It's only natural for humans to be jealous -- of others' jobs, wealth, success and relationships.
I know dogs are loyal. My two -- Disney, a black labrador, and Tinkerbell, a yellow lab -- follow me everywhere. But I've found out they are also the jealous type.
My wife and I can't sit on the couch to watch television without our labradors getting offended. Disney, who will be 7 years old in June, will just look at us until we slide closer to make room for her on the couch. Tinkerbell, a 2-year-old puppy, takes the less subtle approach: she'll just climb on us and lay her 70-pound body on our laps.
And the dogs are just like kids: you can't treat one any different than the other. If one gets a belly rubbed, they both do.
This morning I had to take Tinkerbell to the veteranarian to get treated for an ear infection and I knew this would make Disney .. well, jealous. So before I left, I tried to distract Disney by giving her some food. I thought that if she was eating, she wouldn't notice that Tink and I were heading out the door.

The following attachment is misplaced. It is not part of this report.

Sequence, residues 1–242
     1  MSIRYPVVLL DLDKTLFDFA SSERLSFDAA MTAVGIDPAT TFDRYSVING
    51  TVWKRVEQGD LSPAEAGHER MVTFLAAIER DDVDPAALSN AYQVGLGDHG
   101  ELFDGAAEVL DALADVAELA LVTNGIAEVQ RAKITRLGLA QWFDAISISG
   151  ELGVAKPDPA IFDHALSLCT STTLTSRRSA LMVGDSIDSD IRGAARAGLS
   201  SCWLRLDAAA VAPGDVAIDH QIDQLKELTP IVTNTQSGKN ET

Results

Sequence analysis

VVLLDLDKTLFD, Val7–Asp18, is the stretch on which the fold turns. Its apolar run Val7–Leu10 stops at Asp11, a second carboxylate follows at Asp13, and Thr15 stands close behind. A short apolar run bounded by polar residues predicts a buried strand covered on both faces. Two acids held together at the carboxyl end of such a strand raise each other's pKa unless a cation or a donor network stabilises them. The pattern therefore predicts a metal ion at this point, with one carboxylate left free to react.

I should have known better. As soon as I put the leash on Tinkerbell, Disney pulled her body away from the bowl and looked at me as if to say, "Why aren't you taking me along, daddy?"
Disney loves car rides, and several times she's run out of the house to the car when we're walking out the door to go away. She had that same look in her eye when Tink and I were ready to leave today, so I quickly opened the front door, left little space for Disney to race out, and closed the door behind me.
I expected to hear a bark or two in protest as I walked to the car, but Disney must have just gone back to eating. She needn't worry, though. The next time she has to go to the vet, Tinkerbell will be the one being jealous at home.